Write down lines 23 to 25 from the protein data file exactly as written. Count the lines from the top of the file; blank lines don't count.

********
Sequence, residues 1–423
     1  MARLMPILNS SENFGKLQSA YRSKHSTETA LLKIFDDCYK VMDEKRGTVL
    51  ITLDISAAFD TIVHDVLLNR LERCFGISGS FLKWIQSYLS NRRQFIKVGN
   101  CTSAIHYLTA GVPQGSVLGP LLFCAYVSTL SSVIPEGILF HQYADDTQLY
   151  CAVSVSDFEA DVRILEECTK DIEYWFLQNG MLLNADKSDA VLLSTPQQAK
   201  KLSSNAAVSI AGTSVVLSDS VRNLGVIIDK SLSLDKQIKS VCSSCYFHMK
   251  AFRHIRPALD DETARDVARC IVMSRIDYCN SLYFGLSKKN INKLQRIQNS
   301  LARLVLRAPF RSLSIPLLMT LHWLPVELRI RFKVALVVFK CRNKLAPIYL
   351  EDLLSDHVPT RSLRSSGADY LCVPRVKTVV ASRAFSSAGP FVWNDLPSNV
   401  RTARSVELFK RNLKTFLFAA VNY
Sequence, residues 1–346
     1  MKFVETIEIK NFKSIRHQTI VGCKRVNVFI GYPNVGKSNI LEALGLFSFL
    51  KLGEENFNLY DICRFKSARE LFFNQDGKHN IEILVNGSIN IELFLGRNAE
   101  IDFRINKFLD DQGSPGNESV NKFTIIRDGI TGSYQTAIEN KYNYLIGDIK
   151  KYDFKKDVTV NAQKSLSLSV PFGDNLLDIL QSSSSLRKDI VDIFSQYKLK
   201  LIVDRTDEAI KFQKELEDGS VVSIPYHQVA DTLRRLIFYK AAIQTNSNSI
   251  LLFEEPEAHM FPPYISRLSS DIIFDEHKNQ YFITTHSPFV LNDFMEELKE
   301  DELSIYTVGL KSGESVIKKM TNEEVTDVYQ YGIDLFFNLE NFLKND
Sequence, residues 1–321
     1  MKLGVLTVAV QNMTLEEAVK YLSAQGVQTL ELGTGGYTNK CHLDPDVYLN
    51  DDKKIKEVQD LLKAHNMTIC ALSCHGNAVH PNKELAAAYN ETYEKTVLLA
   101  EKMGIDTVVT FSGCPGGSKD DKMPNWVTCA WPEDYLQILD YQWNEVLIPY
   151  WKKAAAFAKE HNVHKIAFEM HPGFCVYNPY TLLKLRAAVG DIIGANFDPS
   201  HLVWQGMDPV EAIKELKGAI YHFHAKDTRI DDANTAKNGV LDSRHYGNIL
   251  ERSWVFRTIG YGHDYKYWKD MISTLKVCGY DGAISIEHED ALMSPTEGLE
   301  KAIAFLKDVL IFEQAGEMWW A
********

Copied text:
   151  WKKAAAFAKE HNVHKIAFEM HPGFCVYNPY TLLKLRAAVG DIIGANFDPS
   201  HLVWQGMDPV EAIKELKGAI YHFHAKDTRI DDANTAKNGV LDSRHYGNIL
   251  ERSWVFRTIG YGHDYKYWKD MISTLKVCGY DGAISIEHED ALMSPTEGLE